Everyone knows that the Beatles made history with their American debut on “The Ed Sullivan Show” in 1964. But did you know that the Fab Four spent nearly two weeks of that legendary American tour in Florida?
Beatles fans will delight in veteran rockumentarian Bob Kealing’s new book, Good Day Sunshine State: How the Beatles Rocked Florida (University Press of Florida, 2023). Kealing’s 244 pages are packed with anecdotes and quippy quotes. He also profiles of a broad range of Floridians whose lives were forever changed by the Beatles’ visits to Miami, Jacksonville, and the Keys in 1964.
Kealing’s account contains plenty of delightful Beatles trivia. Did you know, for instance, that frenzied teens would hurl jelly beans at the boys during concerts? This was due to a rumor that the (much softer) British equivalent – jelly babies – were their favorite snack.
But the book also delves into the weightier side of the American tour, including the band’s firm anti-segregation stance. By contract, they played only fully integrated venues. Landing right in the midst of the United States’ Civil Rights movement, the tour provides a fascinating glimpse into how these mop-topped pranksters helped to catalyze social change.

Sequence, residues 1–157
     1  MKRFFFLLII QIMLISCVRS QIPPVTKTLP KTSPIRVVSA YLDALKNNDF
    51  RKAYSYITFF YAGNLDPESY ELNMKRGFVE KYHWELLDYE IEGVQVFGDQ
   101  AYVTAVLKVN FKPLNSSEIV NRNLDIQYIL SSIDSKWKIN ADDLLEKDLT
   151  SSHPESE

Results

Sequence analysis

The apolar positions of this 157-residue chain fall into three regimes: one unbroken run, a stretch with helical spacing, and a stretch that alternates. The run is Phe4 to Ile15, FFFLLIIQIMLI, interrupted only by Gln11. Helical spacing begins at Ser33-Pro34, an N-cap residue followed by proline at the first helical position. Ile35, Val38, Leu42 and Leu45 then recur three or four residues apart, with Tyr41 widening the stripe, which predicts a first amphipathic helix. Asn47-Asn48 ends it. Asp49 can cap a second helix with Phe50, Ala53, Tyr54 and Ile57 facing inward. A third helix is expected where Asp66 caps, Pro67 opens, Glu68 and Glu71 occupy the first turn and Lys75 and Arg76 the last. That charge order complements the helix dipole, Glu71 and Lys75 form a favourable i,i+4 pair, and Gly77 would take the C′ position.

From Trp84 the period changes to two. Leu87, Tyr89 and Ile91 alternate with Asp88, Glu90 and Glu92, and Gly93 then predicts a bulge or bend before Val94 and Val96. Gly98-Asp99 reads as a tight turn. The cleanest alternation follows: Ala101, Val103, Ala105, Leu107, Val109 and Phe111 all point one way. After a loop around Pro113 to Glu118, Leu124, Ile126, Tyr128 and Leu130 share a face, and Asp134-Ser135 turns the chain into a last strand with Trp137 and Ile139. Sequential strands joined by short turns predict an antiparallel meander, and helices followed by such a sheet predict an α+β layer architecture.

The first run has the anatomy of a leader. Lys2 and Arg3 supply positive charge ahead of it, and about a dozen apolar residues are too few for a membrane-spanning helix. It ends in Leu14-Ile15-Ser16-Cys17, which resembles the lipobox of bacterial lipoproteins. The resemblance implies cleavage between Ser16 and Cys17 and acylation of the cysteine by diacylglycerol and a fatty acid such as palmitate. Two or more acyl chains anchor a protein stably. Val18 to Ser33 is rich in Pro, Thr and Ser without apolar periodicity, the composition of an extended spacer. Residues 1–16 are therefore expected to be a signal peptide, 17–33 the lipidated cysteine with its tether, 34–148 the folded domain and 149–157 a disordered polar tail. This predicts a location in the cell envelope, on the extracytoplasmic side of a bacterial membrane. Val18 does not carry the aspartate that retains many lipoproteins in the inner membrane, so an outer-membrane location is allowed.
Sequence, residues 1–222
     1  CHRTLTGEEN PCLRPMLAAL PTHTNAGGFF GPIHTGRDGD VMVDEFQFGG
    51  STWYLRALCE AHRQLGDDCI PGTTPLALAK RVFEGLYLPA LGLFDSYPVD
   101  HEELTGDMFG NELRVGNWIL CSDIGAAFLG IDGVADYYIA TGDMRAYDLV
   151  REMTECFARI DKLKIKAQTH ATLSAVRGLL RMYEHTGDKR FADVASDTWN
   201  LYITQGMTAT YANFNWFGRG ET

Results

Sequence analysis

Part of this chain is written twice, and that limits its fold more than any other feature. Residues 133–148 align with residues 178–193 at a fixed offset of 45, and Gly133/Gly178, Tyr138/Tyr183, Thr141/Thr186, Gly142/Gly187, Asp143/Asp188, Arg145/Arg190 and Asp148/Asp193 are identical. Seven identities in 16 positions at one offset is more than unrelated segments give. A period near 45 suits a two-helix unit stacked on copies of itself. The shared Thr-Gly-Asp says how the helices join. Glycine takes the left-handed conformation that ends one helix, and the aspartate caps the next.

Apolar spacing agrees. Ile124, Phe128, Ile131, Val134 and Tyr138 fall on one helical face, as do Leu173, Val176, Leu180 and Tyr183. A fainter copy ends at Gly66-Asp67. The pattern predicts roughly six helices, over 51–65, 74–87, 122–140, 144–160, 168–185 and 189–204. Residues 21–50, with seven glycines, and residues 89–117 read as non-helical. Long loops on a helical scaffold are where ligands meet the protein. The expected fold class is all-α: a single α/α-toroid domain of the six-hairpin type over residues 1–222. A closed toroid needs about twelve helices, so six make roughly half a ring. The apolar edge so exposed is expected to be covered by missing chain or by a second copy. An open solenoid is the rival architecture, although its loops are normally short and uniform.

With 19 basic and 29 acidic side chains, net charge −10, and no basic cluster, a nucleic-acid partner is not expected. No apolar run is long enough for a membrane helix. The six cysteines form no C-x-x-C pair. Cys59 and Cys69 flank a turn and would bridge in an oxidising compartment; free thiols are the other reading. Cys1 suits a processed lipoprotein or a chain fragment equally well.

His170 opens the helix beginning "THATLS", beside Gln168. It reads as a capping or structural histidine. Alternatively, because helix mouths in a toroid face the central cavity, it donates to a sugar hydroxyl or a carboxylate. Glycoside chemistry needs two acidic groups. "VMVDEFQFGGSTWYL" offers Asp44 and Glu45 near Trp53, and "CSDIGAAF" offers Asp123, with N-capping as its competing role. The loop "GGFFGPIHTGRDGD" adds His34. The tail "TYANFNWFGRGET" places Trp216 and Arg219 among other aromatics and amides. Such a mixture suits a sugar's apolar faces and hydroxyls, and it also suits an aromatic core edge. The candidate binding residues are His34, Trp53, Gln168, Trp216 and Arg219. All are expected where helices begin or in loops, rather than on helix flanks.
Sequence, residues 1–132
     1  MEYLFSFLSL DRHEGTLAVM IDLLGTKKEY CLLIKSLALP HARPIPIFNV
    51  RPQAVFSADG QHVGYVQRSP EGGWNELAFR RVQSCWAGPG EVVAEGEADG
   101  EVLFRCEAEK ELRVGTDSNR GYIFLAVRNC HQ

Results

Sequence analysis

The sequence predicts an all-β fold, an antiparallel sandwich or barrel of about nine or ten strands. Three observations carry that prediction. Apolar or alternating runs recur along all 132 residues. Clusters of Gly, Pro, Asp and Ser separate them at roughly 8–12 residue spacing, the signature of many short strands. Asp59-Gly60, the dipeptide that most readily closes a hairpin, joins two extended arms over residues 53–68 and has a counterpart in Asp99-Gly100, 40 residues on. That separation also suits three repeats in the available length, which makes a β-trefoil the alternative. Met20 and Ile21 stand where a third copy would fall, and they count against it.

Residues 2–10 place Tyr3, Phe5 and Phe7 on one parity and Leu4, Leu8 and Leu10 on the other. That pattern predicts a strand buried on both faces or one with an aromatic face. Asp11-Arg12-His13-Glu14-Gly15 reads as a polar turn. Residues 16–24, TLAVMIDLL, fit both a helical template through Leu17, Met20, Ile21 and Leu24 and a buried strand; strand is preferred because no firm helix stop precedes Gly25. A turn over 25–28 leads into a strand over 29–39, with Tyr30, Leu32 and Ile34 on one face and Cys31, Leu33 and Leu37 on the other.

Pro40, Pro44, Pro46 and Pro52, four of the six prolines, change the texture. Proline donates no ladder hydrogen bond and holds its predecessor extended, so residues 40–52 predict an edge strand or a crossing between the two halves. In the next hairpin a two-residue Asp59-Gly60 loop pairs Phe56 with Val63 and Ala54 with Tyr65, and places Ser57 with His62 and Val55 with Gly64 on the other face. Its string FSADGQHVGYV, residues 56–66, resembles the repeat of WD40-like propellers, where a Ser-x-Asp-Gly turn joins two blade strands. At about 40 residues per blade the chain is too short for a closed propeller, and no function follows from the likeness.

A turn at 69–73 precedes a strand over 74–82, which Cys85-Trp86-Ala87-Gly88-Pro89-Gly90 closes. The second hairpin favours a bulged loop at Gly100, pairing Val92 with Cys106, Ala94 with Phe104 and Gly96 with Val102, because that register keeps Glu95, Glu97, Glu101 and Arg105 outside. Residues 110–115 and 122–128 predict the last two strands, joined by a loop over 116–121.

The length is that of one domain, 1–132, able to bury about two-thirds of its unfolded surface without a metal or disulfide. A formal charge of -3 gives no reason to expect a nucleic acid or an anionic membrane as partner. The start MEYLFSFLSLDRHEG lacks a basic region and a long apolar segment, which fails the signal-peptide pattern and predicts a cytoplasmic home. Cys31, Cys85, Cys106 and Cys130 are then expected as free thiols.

I’ve Just Seen a Face
A real strength of the book is Kealing’s remarkable ability to sketch lively characters out of archival materials. John, Paul, George, and Ringo appear in all their boyish splendor. But there are fascinating intimations – a quote here, an incident there – of the more complicated superstars they would become by the end of the decade. Just as engaging are Kealing’s portraits of everyday Americans. There’s Kitty Oliver, a young Black teenager attending a concert for the first time in a heretofore all-white venue. Or Sergeant Buddy Dresner of the Miami Beach Police, who had the delicate task of shepherding the band through their South Florida stay – while fending off countless devious teen fans.
And, of course, it wouldn’t be a real Florida adventure without a hurricane! Notorious Hurricane Dora makes a dramatic appearance in the final chapters of the book, very nearly quashing the band’s climactic show in Jacksonville.
The Long and Winding Road
As with any lovingly researched, richly detailed history, some readers may find the texture of Good Day Sunshine State a bit dense at times. If the book were a Beatles song, it would have the deliberate stride and lyrical density of “Come Together” rather than a light poignancy of “Yesterday” or the racing drive of “She Loves You.” But whatever your taste or tempo, sticking with this book is worth it for the rich sense of this remarkable historical moment it evokes.